The launch last week of the world's highest resolution commercial imaging satellite offers the National Imagery and Mapping Agency an unprecedented opportunity to expand its coverage. But experts are split on whether it jeopardizes the future of the controversial agency. With the successful launch
The launch last week of the world's highest resolution commercial imaging satellite offers the National Imagery and Mapping Agency an unprecedented opportunity to expand its coverage. But experts are split on whether it jeopardizes the future of the controversial agency.
With the successful launch last week of Space Imaging Inc.'s Ikonos satellite, industry has overcome one of the most important obstacles standing in the way of direct imagery support to military and intelligence operations - high-resolution pictures capable of supporting intelligence analysis.
In the past, satellites have not been able to provide high-quality images that show defense and intelligence analysts enough detail for in-depth aerial analysis. But the Ikonos satellite - designed to produce images of Earth from 400 miles in space and moving at a speed of 4.5 miles per second - can take pictures of objects on Earth's surface as small as 1 meter. The satellite also carries a 4-meter resolution sensor, which will enable the first 1-meter color imagery to be produced using a proprietary production capability (see story, Page 37).
NIMA, which was formed in 1996 through the consolidation of the Defense Mapping Agency, Central Imagery Office and the CIA's National Photographic Interpretation Center (NPIC), plans to integrate the new commercial images into its future products and its imagery analysis operations, according to a spokesman. NIMA provides geographic data and aerial and satellite imagery to military mission planners, the U.S. intelligence community and national policy-makers.
Through a contract with Earthwatch Inc., NIMA uses a limited amount of 1-meter imagery produced by the Russian KVR-1000 satellite. Still, the availability of commercial imagery "is profoundly positive for NIMA," the spokesman said. "One-meter imagery is particularly useful as it meets the stringent requirements for imagery used in the production of NIMA's geospatial products."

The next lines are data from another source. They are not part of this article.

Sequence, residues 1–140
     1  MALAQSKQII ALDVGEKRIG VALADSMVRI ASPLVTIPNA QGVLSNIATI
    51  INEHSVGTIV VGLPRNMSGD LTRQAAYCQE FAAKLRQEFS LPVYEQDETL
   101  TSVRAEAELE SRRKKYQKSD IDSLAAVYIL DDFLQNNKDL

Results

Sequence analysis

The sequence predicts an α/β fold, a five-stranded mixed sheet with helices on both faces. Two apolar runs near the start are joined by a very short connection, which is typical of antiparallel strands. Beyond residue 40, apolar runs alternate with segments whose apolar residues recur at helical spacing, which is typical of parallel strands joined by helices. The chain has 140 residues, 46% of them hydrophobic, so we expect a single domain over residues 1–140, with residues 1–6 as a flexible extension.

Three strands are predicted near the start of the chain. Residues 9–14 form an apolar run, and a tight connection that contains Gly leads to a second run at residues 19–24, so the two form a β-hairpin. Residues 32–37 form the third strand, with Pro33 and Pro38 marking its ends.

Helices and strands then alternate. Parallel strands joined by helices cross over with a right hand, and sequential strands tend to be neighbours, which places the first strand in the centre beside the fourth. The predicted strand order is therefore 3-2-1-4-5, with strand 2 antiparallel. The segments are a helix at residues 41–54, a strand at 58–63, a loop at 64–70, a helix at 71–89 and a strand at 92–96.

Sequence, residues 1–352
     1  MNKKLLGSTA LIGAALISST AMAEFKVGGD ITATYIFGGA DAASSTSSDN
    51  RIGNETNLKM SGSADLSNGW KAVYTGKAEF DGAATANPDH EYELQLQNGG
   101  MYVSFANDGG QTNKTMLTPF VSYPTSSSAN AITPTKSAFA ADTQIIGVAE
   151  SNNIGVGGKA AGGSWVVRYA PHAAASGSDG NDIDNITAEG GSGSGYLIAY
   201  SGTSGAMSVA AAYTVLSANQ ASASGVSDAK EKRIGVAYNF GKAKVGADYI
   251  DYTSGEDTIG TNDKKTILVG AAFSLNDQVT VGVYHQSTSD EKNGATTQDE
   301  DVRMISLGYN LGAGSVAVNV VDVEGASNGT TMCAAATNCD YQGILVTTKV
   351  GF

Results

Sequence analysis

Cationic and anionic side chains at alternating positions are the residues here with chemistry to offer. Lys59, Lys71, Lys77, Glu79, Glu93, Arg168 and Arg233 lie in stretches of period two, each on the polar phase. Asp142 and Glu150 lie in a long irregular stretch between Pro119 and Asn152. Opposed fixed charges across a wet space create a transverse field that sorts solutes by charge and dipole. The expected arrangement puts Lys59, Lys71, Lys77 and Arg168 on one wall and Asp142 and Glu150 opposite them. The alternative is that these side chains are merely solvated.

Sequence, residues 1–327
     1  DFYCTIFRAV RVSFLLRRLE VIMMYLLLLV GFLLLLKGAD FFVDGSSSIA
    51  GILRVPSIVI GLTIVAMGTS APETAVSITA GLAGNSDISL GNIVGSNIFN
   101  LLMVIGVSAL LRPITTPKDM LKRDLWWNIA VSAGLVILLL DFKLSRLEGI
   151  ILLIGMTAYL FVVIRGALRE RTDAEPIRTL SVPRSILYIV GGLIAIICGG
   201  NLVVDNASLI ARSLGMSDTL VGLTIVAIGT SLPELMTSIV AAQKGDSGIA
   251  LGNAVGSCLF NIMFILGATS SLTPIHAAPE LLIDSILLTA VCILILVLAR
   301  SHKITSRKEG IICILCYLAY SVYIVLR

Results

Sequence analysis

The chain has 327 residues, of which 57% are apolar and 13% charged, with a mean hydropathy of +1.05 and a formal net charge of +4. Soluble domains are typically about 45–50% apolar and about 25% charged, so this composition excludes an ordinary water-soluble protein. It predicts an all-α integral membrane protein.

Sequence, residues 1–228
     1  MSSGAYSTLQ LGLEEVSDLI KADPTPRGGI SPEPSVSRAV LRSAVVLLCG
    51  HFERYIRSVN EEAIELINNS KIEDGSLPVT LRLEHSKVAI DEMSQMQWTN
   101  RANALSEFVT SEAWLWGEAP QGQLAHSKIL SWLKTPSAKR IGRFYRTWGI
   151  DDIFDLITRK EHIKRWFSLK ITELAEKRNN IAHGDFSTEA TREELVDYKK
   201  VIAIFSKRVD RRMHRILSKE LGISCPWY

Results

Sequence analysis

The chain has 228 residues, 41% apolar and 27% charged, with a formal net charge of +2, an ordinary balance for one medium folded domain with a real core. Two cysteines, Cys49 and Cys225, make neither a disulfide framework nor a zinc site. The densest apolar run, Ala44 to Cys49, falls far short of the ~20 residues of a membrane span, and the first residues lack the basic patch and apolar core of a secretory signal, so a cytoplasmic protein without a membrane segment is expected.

However, the spokesman said, the most significant drawback of using commercial sources is delivery time. NIMA is working with vendors to create electronic data links capable of delivering images within 24 hours, the spokesman said.
Defense and intelligence experts question how the agency can justify its existence, because advancing technologies make it possible for defense and intelligence agencies to obtain imagery and mapping products faster and at a smaller cost from commercial sources.
"If I were them, I'd be very afraid of this," said Mark Lowenthal, former deputy assistant secretary of State for intelligence.
Lowenthal said NIMA's role as middleman will be too time-consuming to support its customers in the Defense Department. "You're going to have agencies trying to purchase imagery on their own," he said. "[NIMA] is going to be out-competed at a certain point."
NIMA has come under fire several times during its three- year existence, including by the Defense Science Board and members of Congress, who questioned the agency's effectiveness. "My impression has been that the [lack of esteem] in which NIMA is held has more to do with bureaucratic politics than with practical concerns," said Allen Thomson, a former CIA analyst.
"But I can certainly see a [breakup] of NIMA back into its component parts as a possibility in the next two or three years," he said.
John Pike, a defense and intelligence analyst with the Federation of American Scientists, disagrees, calling commercial imagery a natural extension of NIMA's support structure. "NIMA was basically created to exploit precisely this product, and this product was designed with NIMA in mind," said Pike, adding that such an arrangement is "easier said than done."
However, although NIMA remains the DOD's point agency for imagery and mapping support, it is moving too slowly in developing an architecture for exploiting commercial imagery, Pike said.
"NIMA's problems...are that they get free national imagery from [the National Reconnaissance Office], which costs them less than the commercial product, and the old NPIC side of NIMA is comfortable with that traditional arrangement, as is the DMA side of NIMA," he said. "NIMA has been too slow to embrace and extend commercial imagery, but they are moving in the right direction."
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